Balancing the Endocannabinoid System
September 2, 2019
The most important tools your body uses to achieve greatest health reside within the Endocannabinoid System (ECS), which was discovered by scientists experimenting on how cannabis exerted its effects. Endocannabinoids (ECSs), the natural cannabis-like molecules produced by the human body, were only identified as being important to biological harmony in response to changes in the environment (known as homeostasis), in the early 1990's. There are literally thousands of scientific studies now that detail how cannabinoid medicines, including THC and CBD extracts, have multitudes of impacts on maintaining the function of the ECS's ability to enhance both mind and body health. Internal cannabinoids are present in a mother’s milk, so they're that heavily rooted in our evolutionary pasts. Without the external cannabinoids our internal system, that's much more complex than ever thought, becomes out of balance which causes our body’s vital organs to fight against each other instead of working together. The system is a series of endocannabinoid receptors that researchers initially thought were only present in the brain and nerves. However, through various scientific studies it was later found that the receptors are present throughout the body; including our skin, immune cells, bone, fat tissue, liver, pancreas, skeletal muscle, heart, blood vessels, kidney, and gastrointestinal tract.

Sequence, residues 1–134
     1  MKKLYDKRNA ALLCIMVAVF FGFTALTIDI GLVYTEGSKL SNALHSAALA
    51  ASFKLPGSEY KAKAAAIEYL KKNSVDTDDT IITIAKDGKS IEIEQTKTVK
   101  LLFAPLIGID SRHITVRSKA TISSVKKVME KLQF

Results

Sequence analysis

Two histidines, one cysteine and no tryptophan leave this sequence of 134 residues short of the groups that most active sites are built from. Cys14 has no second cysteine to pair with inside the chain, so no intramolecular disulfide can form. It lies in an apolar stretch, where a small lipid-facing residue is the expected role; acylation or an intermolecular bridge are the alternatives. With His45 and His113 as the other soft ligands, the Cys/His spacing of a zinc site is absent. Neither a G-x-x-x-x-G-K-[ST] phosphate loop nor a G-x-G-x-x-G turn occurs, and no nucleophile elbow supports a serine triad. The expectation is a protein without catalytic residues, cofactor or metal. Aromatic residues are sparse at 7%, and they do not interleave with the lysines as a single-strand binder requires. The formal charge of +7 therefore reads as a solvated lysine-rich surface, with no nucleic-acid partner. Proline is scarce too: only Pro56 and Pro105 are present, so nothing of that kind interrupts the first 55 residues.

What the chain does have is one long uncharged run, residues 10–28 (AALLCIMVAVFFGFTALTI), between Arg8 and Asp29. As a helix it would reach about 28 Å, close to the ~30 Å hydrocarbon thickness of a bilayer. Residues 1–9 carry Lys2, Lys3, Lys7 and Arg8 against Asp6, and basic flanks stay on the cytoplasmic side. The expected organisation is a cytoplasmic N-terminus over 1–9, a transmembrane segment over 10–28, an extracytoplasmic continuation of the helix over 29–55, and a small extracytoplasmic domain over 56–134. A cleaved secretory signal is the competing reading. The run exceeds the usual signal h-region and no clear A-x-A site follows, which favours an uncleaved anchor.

Many believe that the use of cannabis alone is what creates activity within this internal system. That's the furthest from the truth. There are many different foods we eat and aromas we smell that cause the system to be activated, such as an infant’s food coming directly from the mother. There's a vast difference between internal or 'endo' cannabinoids, which our body has internally; external or 'exo' cannabinoids, which come from the plant (and a few others in nature); and pharmaceutical synthetic cannabinoid medicines. The biggest question is how do we maintain balance within the system? Clinical Endocannabinoid Deficiency Syndrome, a condition in which the body is lacking ECSs, has already been studied and proven scientifically. More research must be done but it's very apparent to those that have been around that the individual who can intake more cannabinoids tends to be the one that has more illnesses down the line, or at that time. That would include myself. I find that my tolerance has always been high and it's likely due to the predisposition to multiple health issues as well as continued injuries in life that would require more endocannabinoid activity. To make this more easily understandable, if a person lacks the intake of the plant after thousands of years of human consumption, it's highly likely their endocannabinoid system is out of balance.